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Suffolk

Suffolk, county (1991 pop. 629,900), 1,466 sq mi (3,798 sq km), E England. The county seat is Ipswich. The county is divided into seven administrative districts: Waveney, Suffolk Coastal, Ipswich, Mid Suffolk, Babergh, St. Edmundsbury, and Forest Heath. Suffolk is bordered on the N by the Ouse and Waveney rivers and on the S by the Stour River. The terrain is low and undulating, and the region, mainly agricultural, is one of the chief producers of grain, sugar beets, and vegetables in England. Breeds of horses, hogs, sheep, and cattle have been developed; stock and poultry raising are common occupations. Along the coast (especially at Lowestoft) fishing is important. Industries include food processing, milling, malting, and the making of farm machinery and fertilizers. Tourists frequent the coast.

Suffolk and Norfolk formed the Kingdom of the Iceni, who were led by Boadicea in a revolt (A.D. 60) against the Romans. In Anglo-Saxon times Suffolk was part of the kingdom of East Anglia, inhabited by the "south folk" of that kingdom, from which its name comes. In the Middle Ages, Suffolk was the center of a large wool industry. The importance of Ipswich as a port increased when Great Britain joined the European Community (now the European Union). In 1974, East Suffolk and West Suffolk, which had been separate counties since 1888, and county borough of Ipswich were combined to form the nonmetropolitan county of Suffolk.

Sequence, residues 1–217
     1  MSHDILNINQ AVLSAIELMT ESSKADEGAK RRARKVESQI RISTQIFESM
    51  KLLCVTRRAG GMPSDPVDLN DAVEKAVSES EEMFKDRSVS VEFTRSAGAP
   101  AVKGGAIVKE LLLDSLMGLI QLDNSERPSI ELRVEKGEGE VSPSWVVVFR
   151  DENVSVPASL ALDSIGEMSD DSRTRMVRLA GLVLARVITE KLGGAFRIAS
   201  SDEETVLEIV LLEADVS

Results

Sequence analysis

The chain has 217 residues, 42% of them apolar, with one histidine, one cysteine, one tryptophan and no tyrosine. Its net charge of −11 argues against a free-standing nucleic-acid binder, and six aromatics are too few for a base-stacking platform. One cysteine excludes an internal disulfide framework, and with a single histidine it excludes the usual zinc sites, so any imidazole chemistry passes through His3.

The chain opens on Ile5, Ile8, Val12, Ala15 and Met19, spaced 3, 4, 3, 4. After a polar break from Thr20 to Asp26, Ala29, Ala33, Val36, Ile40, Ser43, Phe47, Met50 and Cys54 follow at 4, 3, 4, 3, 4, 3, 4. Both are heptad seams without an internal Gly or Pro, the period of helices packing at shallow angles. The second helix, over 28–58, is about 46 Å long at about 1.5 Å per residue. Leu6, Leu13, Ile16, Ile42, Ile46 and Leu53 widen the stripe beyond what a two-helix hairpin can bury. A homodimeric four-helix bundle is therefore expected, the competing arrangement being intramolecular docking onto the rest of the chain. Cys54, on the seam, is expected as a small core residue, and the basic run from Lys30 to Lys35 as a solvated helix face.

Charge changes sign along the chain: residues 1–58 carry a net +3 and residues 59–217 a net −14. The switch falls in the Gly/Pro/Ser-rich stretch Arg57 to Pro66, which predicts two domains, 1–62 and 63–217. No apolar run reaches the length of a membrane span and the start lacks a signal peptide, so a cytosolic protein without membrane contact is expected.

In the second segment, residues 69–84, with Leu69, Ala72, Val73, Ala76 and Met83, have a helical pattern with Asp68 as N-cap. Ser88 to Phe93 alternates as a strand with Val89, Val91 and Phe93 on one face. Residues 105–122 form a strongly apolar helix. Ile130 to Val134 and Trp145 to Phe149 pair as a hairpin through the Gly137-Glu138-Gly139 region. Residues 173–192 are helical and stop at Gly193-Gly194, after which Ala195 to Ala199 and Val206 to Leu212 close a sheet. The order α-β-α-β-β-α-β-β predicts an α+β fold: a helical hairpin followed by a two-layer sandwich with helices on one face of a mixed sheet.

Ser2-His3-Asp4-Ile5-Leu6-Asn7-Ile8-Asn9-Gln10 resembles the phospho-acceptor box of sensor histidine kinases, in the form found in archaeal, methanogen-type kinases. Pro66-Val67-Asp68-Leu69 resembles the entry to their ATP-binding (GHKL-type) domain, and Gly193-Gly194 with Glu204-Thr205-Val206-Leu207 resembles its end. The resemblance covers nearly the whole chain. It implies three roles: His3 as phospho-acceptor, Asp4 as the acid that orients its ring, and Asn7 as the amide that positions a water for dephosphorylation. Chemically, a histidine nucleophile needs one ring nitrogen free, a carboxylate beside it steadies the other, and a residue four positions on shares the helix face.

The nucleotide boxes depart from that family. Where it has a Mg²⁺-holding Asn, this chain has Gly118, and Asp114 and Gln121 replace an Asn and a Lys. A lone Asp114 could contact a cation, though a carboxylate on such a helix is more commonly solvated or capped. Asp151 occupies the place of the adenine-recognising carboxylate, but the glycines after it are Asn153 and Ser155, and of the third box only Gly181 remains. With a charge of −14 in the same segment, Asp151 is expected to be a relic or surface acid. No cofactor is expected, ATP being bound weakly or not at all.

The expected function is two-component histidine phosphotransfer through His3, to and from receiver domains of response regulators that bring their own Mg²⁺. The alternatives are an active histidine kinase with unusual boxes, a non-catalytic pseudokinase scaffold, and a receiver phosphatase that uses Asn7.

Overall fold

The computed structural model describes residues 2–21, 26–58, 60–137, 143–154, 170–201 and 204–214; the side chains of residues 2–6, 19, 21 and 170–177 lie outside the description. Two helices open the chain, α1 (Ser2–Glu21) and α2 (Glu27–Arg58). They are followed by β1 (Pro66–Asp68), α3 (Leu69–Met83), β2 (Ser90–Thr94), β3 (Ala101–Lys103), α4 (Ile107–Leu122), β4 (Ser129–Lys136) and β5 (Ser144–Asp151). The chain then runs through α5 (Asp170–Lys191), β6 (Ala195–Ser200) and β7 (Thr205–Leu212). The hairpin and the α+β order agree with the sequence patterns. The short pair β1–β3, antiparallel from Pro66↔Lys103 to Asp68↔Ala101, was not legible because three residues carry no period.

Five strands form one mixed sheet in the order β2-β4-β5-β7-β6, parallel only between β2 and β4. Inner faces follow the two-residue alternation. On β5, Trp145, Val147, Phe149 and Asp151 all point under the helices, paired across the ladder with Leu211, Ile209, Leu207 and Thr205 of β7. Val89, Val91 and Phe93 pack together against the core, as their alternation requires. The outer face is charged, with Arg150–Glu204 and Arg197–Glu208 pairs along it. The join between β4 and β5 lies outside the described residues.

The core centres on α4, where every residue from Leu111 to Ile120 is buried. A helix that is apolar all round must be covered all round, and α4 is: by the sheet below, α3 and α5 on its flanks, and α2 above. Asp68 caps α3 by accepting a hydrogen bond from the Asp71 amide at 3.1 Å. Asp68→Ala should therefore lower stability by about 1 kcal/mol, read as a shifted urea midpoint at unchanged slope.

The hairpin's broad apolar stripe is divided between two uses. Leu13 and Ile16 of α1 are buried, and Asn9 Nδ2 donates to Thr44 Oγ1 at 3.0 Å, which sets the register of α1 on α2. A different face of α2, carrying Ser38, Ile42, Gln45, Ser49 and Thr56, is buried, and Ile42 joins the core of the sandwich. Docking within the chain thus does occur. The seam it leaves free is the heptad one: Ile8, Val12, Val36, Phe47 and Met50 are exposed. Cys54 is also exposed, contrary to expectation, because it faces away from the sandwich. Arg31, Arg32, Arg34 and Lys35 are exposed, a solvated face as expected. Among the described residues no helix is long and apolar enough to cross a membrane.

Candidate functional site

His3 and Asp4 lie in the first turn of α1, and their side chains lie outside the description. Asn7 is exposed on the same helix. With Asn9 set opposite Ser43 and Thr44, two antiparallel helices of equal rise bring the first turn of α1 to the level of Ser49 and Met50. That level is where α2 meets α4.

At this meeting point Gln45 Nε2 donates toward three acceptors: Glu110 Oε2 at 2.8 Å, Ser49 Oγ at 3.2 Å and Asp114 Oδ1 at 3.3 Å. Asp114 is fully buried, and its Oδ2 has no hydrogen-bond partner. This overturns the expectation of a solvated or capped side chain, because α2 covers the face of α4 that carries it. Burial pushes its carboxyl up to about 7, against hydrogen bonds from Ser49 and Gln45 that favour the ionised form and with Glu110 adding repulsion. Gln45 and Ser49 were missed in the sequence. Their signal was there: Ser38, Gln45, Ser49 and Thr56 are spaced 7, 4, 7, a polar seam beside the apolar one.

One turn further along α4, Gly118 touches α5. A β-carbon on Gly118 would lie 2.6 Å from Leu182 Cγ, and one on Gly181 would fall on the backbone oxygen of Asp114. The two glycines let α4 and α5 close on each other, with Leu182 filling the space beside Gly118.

The Columbia Electronic Encyclopedia, 6th ed. Copyright © 2012, Columbia University Press. All rights reserved.

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